Homemade Marshmallow Fluff Recipe

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marshmallow cream

How to Make Homemade Marshmallow Fluff Recipe

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My sister and I made this the other day and it is SO delicious!  While it does take a little time, it’s very simple to make and tastes so much better than the store bought marshmallow fluff!

This recipe uses vanilla for flavoring, but I can’t wait to make it again and play with the flavorings by adding different extracts… next on my list to try is almond!

While there is corn syrup in this recipe… it is NOT the same product as that High Fructose Corn Syrup which most of us are trying to avoid.  I hope you enjoy this homemade marshmallow fluff recipe!

REPIN HOMEMADE MARSHMALLOW FLUFF

Print Recipe
4.41 from 5 votes
Servings: 8
HOMEMADE MARSHMALLOW FLUFF
Prep Time:
10 mins
Cook Time:
25 mins
Total Time:
35 mins
 
Author: Holly
Course: Dessert
Cuisine: American
Keyword: marshmallow fluff
My sister and I made this the other day and it is SO delicious! While it does take a little time, it’svery simple to make and tastes so much better than the store bought marshmallow fluff!
Ingredients
  • 3 large egg whites
  • 1/2 teaspoon cream of tartar
  • 2 tablespoons granulated sugar
  • 3/4 cup golden corn syrup
  • 2/3 cup granulated sugar
  • 1/2 teaspoon vanilla extract
Instructions
  1. With a whisk attachment, beat the egg whites and cream of tartar until foamy.
  2. Add 2 tablespoons of sugar and beat until soft peaks form, set aside.
  3. Meanwhile, in a saucepan, add 1/3 cup water, corn syrup, and 2/3 cup sugar.
  4. Cook over medium heat while stirring until the mixture reaches firm ball stage (instructions below) or 248 degrees on a candy thermometer. This step will take about 15 minutes.
  5. Once the corn syrup mixture has reached firm ball stage, turn the mixer onto medium and in a slow steady stream, pour the corn syrup mixture into the beaten egg whites.
  6. Once all of the corn syrup mixture has been added, beat on high for 5 minutes.
  7. Add vanilla extract and beat on high 1 minute
  8. Store in a tightly sealed container
TO TEST FOR FIRM BALL STAGE:
  1. Fill a glass with cold water and drop a small spoonful of the mixture into the cold water. Remove the mixture from the cold water and it should hold its shape, but quickly flatten.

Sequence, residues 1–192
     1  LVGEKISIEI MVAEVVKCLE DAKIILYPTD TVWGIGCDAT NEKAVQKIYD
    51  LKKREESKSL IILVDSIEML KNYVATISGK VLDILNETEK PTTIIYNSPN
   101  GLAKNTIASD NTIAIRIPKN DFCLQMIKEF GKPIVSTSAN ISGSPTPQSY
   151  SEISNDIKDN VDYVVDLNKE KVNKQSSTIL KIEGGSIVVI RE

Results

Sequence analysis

Nutrition Information
Calories: 173, Sodium: 38mg, Potassium: 49mg, Carbohydrates: 44g, Sugar: 44g, Protein: 1g, Calcium: 0.4%

(Nutrition information provided is an estimate and will vary based on cooking methods and brands of ingredients used.)

Here are a few more recipes that you’ll love!

Sweet Spring Marshmallow Flower Cupcakes  *  White Chocolate Peanut Butter Marshmallow Squares  *

Homemade Marshmallow Fluff! This is delicious... tastes SOOO much better than store bought!

This recipe was slightly adapted by Martha Stewart’s Momma Reiner’s Homemade Marshmallow Cream.

Holly

Holly is a wine and cheese lover, recipe creator, shopping enthusiast and self appointed foodie. Her greatest passion is creating in the kitchen and making deliciously comforting recipes for the everyday home cook!

77 comments on “Homemade Marshmallow Fluff Recipe”

  1. I have been trying for a few days different receipes, I just cant seem to get it quite right, not sure what i am doing wrong, I had to make my own syrup (sugar, water) this was extremely sticky oh my… but I cant seem to get the egg whites to look like yours, so the last batch i made this am using your receipe, I first made my glucose syrup, then cooled it slightly but it wasnt cold, then made your mix of sugar, water, syrup, but I may have burnt it slightly does taste caramelly, Im not sure why one has to cook the syrup one just made twice seems crazy, any way added it to my eggs, but it doesnt look like yours, thick and smooth and hint of caramel taste, I cant believe that this is so hard to make, but I did try the others come out almost runny but thick, so I used them in hot chocolate. so im not quite sure what to do to fix my dillemma anyway I will keep trying.

  2. That’s “golden” and “biscuits” in fifth paragraph.

    Got to love the touchpad!

  3. Definitely an ancient post at this point, but just a few shares that a future reader may find useful.

    Very similar to King Arthur Flour’s formula for marshmallow creme, except 3/4 C sugar is used in that one, which is a bit more. Some online recipes go overboard with sugar amounts per one egg white.

    For anyone interested in the standard sugar ratio, 1/4 C or 48 – 50g sugar per one egg white provides an average sweet taste, but with the addition of syrup, a bit less is more than adequate.

    Golden syrup, like light non-HFCS, is an invert syrup, and is not necessary, but helps for those who may be less careful when cooking syrup, to prevent a grainy/crystallized consistency.